HomeChurch & AsiaHoly Week turns homes into 'mini churches' in India

Holy Week turns homes into ‘mini churches’ in India

Perhaps for the first time in history, church doors remained closed globally to the faithful during this year’s Easter triduum due to the COVID-19 pandemic.

With the new coronavirus interrupting life’s normal rhythms and social distancing becoming a new normal, Masses in India, like elsewhere in the world, were offered in empty churches and live-streamed via digital media.

“Though Holy Week is one of the most prayerful weeks of the Christian liturgical calendar, we have to contend ourselves witnessing by virtual Holy Mass,” Lily Mathews, a teacher in East Delhi, told LiCAS.news. “Slowly we are getting used to the idea. But of course, it is never the same as going to church,” she said.




In an effort to contain the new coronavirus India’s federal government at the end of March ordered a nationwide lockdown. It’s likely to last till the end of April at the least.

Unprecedented times call for unprecedented action, said Roger Fernandes, a banker.

“We have to reconcile ourselves to these testing times. At home, I tried to make Maundy Thursday Holy Mass action-oriented,” Fernandes said.

“I washed the feet of my sons and also my wife who like Peter hesitated a bit at the thought of having me wash her feet but relented,” he said.

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“On Easter Sunday, we lit a candle at noon as per directive of the Archdiocese of Delhi to welcome the risen Jesus, the light of the world.”

Sacred Heart Cathedral in New Delhi closed to public following lockdown due to the COVID-19 pandemic. (Photo by Father Ajit Patrick)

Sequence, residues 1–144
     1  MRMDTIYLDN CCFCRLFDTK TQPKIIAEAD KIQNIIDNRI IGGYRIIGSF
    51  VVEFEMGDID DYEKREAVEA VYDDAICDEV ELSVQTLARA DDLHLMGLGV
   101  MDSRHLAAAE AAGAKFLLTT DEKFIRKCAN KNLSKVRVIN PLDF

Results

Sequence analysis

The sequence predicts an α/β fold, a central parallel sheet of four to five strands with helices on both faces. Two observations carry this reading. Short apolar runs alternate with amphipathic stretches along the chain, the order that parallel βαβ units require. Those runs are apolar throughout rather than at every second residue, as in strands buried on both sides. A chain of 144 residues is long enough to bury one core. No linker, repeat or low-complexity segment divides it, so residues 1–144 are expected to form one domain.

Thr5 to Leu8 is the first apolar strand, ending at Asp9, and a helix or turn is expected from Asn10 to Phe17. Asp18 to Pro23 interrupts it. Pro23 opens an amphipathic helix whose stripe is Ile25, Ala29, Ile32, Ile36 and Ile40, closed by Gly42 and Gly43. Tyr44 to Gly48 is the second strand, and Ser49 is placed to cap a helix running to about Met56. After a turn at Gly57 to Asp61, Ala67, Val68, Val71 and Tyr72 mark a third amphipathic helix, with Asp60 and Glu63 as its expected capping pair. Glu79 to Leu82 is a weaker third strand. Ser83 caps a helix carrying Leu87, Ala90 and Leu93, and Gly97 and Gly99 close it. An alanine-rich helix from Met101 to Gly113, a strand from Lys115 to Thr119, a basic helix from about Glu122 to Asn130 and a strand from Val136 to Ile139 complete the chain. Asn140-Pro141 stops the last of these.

The family of Mary Kujur in South Delhi got creative in celebrating their faith.

“For Good Friday, my daughter painted all 14 Stations of the Cross and pasted them on the walls and cupboards of our drawing-room. I never knew she could paint so well,” Kujur said.

“As a reward for her good work, we got her to lead the Stations of the Cross. It was good to jointly pray and meditate each station. We sang hymns like ‘Were You There When They Crucified My Lord?’ and ‘The Old Rugged Cross,’ something we did for the first time.”

This is exactly what Pope Francis is advising “to respond to our confinement with all our creativity,” she said in reference to comments made in a media interview where the pope asked Catholics forced indoors by the pandemic to be creative in their faith.

A live telecast of Mass being offered by Archbishop Anil Joseph Couto of Delhi at the closed Sacred Heart Cathedral in New Delhi. (Photo by Father Ajit Patrick)

Sheila Andrews, a retired government employee, said “we need to draw positives from the terrible situation we are in.”

“With COVID-19 stopping the world in its tracks, this is the time when we can adhere to the Almighty’s plea that ‘Be still and know that I am God,’” she said. “Sure, this can now be done as a family given this rare occasion when every member is at home 24×7.”

Astrid Lobo Gajiwala, a theologian and medical professional, said that in preparation for Easter she participated in an online Ignatian retreat.

“Prayer, meditation and witnessing Holy Mass are an essential part of my day. The pain, struggle and challenge of the COVID-19 crisis are central to this,” she said.

Lucy Gabriel Chattopadhyay, an international broadcaster with the All India Radio, with her son Siddharth and daughters Ruth and Rachel watching Mass at their East Delhi home. (Photo by Siddharth Chattopadhyay)